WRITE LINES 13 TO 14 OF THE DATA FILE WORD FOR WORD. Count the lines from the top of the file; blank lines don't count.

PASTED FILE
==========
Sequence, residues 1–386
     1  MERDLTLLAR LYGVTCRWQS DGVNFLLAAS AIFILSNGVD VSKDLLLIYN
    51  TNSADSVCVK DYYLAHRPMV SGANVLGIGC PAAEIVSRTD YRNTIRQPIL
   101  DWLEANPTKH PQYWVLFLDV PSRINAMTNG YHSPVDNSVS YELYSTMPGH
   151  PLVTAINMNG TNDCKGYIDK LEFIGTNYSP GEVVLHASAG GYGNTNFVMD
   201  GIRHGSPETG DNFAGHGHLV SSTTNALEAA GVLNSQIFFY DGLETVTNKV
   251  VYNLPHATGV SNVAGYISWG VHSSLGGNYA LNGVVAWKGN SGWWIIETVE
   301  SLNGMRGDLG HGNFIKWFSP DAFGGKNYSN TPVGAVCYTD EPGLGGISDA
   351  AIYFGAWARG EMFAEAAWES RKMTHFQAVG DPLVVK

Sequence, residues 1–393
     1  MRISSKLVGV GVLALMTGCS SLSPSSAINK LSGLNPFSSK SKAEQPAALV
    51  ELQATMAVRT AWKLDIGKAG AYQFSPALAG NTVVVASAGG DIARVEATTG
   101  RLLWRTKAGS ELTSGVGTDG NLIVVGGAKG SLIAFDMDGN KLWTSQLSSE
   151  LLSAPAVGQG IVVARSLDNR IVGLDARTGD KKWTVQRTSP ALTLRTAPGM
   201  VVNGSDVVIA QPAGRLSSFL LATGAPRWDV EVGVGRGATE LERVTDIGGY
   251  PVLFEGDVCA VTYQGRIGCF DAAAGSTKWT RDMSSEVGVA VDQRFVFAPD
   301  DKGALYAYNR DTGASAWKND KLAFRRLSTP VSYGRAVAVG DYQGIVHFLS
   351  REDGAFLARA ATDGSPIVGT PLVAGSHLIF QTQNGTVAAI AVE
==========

   101  RLLWRTKAGS ELTSGVGTDG NLIVVGGAKG SLIAFDMDGN KLWTSQLSSE
   151  LLSAPAVGQG IVVARSLDNR IVGLDARTGD KKWTVQRTSP ALTLRTAPGM